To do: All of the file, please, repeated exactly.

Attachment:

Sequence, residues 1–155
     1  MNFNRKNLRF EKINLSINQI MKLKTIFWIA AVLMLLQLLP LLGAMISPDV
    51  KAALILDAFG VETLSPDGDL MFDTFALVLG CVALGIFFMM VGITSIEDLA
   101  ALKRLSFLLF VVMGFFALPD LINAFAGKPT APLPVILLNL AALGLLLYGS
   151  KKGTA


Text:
Sequence, residues 1–155
     1  MNFNRKNLRF EKINLSINQI MKLKTIFWIA AVLMLLQLLP LLGAMISPDV
    51  KAALILDAFG VETLSPDGDL MFDTFALVLG CVALGIFFMM VGITSIEDLA
   101  ALKRLSFLLF VVMGFFALPD LINAFAGKPT APLPVILLNL AALGLLLYGS
   151  KKGTA